18. A method of identifying an agent as a candidate Jak-Stat pathway inhibitor, comprising the steps of:
(a) observing the activation of Stat5 by IL-2RβY510 tyrosine phosphorylated motif; and
(b) assessing the efficacy of an agent in inhibiting Stat5 activation by IL-2RβY510, wherein a candidate Jak-Stat pathway inhibitor is identified if inhibition occurs.
19. A method of identifying an agent as a candidate Jak-Stat pathway inhibitor, comprising the steps of:
(a) observing the activation of Stat5 by IL-7RY409 tyrosine phosphorylated motif; and
(b) assessing the efficacy of an agent in inhibiting Stat5 activation by IL-7RY409, wherein a candidate Jak-Stat pathway inhibitor is identified if inhibition occurs.
20. A method of identifying an agent as a candidate Jak-Stat pathway inhibitor by the steps of:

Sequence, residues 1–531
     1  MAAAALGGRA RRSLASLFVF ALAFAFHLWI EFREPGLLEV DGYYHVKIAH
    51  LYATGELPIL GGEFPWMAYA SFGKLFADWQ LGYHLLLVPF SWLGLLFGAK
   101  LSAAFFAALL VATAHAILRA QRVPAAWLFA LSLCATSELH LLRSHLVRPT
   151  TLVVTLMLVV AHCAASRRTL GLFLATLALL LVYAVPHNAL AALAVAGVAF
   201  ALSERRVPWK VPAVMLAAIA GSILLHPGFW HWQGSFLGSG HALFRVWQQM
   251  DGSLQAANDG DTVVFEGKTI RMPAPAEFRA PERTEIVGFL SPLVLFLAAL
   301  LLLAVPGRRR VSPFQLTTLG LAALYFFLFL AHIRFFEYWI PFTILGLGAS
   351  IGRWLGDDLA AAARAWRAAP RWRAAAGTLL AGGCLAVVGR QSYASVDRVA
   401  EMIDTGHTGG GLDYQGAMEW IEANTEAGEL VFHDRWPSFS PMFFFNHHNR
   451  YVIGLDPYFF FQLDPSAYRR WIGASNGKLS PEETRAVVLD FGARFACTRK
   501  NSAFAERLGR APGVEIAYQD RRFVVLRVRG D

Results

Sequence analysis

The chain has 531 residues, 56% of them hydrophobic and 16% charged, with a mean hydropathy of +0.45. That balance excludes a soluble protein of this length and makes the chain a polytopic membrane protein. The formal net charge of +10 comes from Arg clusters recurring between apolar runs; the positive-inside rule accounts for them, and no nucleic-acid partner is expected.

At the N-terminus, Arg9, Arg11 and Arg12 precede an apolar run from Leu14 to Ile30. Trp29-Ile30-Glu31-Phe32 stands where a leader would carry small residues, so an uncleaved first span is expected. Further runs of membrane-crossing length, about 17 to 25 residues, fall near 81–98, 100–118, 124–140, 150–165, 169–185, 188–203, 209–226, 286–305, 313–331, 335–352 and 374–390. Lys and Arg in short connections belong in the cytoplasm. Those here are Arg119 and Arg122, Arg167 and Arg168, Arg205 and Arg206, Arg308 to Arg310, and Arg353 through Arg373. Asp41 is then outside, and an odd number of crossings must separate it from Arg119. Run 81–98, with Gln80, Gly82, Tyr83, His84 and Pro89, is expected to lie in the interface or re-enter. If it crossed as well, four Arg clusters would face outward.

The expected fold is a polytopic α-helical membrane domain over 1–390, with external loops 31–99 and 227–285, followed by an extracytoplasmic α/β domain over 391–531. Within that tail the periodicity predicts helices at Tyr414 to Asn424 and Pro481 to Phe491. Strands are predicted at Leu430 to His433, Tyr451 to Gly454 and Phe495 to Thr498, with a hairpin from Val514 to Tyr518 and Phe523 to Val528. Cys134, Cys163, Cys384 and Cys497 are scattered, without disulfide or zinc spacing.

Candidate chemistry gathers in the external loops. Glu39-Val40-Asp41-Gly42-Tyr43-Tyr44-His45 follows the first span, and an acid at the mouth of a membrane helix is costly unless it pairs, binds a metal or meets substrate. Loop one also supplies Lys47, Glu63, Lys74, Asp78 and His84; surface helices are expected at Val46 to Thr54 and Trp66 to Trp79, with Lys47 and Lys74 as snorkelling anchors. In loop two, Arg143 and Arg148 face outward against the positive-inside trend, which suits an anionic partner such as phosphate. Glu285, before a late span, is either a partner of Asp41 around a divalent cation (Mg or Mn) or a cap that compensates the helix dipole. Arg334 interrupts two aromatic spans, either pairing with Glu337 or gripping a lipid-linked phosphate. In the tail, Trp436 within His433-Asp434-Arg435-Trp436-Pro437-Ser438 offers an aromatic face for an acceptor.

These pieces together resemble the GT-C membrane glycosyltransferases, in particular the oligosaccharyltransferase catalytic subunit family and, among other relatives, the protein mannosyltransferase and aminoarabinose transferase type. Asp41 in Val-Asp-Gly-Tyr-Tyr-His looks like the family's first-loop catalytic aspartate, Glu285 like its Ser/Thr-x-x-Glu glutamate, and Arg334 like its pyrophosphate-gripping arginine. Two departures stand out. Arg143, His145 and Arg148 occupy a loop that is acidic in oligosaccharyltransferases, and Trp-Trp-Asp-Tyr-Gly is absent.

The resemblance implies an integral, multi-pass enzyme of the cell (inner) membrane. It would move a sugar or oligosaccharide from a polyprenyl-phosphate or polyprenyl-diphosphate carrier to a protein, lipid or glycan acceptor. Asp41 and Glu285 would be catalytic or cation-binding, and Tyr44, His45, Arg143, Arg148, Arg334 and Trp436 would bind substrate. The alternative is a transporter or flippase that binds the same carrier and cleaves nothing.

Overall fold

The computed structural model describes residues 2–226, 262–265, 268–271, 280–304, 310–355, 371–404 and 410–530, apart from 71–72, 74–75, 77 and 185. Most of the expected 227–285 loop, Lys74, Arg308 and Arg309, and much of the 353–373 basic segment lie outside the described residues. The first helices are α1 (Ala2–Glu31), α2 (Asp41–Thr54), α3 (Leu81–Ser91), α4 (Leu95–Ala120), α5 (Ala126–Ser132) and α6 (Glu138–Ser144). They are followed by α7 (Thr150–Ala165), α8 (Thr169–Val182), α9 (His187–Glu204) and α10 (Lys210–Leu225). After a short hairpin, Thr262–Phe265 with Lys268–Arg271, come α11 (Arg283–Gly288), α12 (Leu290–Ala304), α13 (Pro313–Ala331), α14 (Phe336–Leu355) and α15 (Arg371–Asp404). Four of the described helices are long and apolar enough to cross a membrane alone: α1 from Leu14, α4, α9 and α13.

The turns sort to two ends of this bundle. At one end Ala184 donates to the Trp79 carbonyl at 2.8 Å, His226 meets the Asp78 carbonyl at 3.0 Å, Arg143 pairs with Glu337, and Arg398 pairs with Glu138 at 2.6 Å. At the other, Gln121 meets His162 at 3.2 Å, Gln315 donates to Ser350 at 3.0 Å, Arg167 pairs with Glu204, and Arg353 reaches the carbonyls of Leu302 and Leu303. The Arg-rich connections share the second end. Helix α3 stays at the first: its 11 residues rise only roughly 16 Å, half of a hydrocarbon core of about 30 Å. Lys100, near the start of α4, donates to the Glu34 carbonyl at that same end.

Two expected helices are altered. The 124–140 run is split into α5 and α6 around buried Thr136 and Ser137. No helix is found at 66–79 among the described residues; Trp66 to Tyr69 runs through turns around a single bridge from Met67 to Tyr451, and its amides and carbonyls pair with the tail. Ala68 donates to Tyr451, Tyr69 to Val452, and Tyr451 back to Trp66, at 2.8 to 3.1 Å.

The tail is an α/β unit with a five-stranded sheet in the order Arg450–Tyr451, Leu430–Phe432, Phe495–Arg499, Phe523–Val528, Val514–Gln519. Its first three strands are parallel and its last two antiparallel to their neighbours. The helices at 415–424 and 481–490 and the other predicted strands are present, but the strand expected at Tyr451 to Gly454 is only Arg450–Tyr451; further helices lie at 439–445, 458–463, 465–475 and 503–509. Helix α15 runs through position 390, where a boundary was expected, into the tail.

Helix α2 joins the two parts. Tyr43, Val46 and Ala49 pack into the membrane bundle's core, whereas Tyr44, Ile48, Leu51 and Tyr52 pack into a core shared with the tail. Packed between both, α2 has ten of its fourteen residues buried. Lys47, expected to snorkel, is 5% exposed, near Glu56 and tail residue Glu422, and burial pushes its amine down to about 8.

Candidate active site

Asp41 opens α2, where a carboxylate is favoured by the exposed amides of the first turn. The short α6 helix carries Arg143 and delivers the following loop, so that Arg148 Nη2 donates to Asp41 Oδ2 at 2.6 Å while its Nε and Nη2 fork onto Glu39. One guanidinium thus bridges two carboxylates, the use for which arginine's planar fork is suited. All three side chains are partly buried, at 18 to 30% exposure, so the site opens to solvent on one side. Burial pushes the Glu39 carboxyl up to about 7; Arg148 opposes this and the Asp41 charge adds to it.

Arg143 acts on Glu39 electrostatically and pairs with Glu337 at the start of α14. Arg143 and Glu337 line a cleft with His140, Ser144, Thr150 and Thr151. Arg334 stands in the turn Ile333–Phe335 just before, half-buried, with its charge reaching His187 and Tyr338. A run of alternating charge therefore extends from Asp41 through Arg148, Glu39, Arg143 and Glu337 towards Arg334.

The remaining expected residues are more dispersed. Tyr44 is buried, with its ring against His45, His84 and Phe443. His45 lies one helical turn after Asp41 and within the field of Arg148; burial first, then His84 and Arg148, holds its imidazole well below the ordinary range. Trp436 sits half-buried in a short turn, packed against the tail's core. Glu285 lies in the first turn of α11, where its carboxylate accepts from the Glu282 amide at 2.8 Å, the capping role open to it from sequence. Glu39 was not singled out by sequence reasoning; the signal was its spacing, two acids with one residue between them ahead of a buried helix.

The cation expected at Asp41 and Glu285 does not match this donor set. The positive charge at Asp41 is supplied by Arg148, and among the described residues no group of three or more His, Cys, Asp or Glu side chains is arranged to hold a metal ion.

(a) obtaining a nuclear extract containing IL-2-activated Stat3 or IL-2-activated Stat5 transcription factors;
(b) obtaining a labeled DNA probe containing at least one binding site for the activated transcription factors;
(c) preparing control and test binding reactions, wherein each of said binding reactions contains a sample of the nuclear extract and a sample of the labeled DNA probe, and wherein the test binding reaction additionally contains said agent;
(d) incubating the binding reactions to allow interaction between the DNA probe and the transcription factors;
(e) quantitating the amount of interaction after incubating each of the binding reactions; and
(f) identifying said agent as a Jak-Stat pathway inhibitor if the amount of interaction quantitated in the quantitating step is reduced in the test binding reaction when compared with the control binding reaction.
Description
RELATED APPLICATIONS

This application is a continuation of prior International Application No. PCT/US96/11206 filed Jul. 2, 1996, which claims priority under 35 U.S.C. 119(e) of Provisional Application No. 60/000,971 filed Jul. 7, 1995.

FIELD OF THE INVENTION

The present invention relates generally to the field of transmembrane signal transduction. More specifically, the invention relates to the biochemical activation of IL-2 inducible transcription factors.

BACKGROUND OF THE INVENTION